I can’t move to his city without a job lined up and don’t want to be dependent on him, as I did that in another relationship over five years ago. I feel stuck here and he loves his new job there. I knew I was beginning to fall deeply in love with him when we were together but now with us being apart so much I don’t know how much I’m in love with him anymore. I’m starting to think realistically that it’s only been seven months and he didn’t feel I was important enough to stay here for. So, what should I do? I do love him and care about him and he has treated me the best any guy ever has, but I’m 30! How long do I continue a long-distance relationship with him if I can’t find a job in his city and he’s not willing to move back for me? Should I just cut my losses now? I know he will be heartbroken but not completely surprised if I end things, as I’ve already told him I’m not very happy with the situation. — Sad Long-Distance Dater

Look, I know for sure long-distance relationships can work (my one and only LDR resulted in marriage), so don’t be so quick to discount them just because you’re had two bad experiences. When you’re with the right person and you’re both committed to making it work, it can. That said, one of the fastest ways to doom your LDR is to “make it clear” you don’t want one. Well, then what are you doing? If you don’t want an LDR, why are you in one? I know, I know; you’re looking for a job in your boyfriend’s new city. But, what are you doing with him in the meantime? Are you in or are you out?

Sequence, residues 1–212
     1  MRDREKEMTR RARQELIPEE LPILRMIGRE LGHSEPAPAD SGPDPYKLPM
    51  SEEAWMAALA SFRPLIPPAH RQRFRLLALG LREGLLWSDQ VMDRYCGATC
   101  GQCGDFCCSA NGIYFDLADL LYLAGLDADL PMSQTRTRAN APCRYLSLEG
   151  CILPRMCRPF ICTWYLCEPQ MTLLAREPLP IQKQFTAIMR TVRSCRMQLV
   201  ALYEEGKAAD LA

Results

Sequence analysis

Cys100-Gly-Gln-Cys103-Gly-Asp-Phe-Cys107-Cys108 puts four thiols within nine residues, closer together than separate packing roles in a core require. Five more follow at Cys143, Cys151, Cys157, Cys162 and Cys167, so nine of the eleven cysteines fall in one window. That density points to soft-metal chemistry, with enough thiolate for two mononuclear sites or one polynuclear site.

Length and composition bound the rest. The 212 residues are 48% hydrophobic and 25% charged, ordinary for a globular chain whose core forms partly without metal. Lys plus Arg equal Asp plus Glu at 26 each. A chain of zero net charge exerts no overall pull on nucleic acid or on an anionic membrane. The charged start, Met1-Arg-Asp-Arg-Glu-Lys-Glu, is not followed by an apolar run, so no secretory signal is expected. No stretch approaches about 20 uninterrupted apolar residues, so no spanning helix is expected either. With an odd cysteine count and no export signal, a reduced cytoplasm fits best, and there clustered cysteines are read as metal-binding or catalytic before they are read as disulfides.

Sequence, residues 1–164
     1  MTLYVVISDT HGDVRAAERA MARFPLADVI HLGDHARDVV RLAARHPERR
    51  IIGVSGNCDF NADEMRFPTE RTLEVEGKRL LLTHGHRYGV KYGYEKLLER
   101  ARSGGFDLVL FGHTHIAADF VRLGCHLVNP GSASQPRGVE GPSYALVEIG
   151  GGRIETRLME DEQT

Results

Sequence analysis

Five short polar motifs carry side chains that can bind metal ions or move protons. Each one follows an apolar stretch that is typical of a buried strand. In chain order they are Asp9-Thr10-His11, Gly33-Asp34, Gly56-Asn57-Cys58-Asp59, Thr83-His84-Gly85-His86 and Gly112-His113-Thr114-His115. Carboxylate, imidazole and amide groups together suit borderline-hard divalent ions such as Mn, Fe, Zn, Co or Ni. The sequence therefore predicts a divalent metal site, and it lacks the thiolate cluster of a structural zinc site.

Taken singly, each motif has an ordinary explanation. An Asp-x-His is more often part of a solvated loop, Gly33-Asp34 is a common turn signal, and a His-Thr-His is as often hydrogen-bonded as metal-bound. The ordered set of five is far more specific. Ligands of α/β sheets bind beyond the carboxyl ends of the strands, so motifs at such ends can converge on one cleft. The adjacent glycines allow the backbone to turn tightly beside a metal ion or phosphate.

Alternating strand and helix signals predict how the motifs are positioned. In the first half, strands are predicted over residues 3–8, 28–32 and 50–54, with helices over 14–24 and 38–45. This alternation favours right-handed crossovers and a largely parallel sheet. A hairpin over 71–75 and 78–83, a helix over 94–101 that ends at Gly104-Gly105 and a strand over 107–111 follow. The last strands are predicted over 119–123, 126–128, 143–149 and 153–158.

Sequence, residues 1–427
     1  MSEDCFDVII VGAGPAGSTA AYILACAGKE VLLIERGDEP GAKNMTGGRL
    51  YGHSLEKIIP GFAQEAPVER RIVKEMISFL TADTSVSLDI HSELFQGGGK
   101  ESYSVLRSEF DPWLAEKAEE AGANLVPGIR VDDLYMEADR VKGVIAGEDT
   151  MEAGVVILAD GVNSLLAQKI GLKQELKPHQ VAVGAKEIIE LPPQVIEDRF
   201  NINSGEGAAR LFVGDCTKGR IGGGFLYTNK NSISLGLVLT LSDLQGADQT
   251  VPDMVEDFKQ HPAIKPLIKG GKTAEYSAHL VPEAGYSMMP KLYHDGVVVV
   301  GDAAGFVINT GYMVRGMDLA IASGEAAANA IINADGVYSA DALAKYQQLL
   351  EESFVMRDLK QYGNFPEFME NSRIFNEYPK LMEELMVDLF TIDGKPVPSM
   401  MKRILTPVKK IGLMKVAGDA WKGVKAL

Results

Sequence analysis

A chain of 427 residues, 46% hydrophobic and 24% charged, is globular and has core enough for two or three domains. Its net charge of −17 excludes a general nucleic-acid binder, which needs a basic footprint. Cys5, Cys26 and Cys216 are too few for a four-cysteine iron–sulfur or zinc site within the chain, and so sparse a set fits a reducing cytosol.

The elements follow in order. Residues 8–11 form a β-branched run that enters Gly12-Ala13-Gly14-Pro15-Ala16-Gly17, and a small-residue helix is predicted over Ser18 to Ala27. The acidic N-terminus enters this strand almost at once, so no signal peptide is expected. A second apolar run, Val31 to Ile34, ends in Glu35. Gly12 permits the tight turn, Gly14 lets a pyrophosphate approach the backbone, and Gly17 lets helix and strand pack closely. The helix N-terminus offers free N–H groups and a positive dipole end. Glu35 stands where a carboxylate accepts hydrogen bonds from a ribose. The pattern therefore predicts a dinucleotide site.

If you’re in — if you’re really, truly in — you need to make some compromises in your way of thinking. Accept that maybe you won’t find the perfect job in his city and start casting a wider net on the employment front. While you’re looking for something there that can pay the bills and help you establish residency (making it easier to find a better job), you can take some extra work where you live now and start building up some savings to pay for your move and give you a little financial cushion during the transition. You can talk to your boyfriend about what kind of financial help you might need — and what he’s comfortable giving — when you get there. Would you want to live together? Maybe his way of assisting you is to let you live with him rent-free until you get settled in a stable job.

If you’re seriously thinking about moving to your boyfriend’s city, you should ask yourself these eight questions. And if you aren’t yet ready to tackle the idea of moving or the answers to those eight questions indicate you aren’t ready for that step, you need to have a serious discussion with yourself — and your boyfriend — about where your heart is. And if it’s not committed to making this LDR work, despite your reservations about LDRs, it’s probably time to cut your losses and MOA.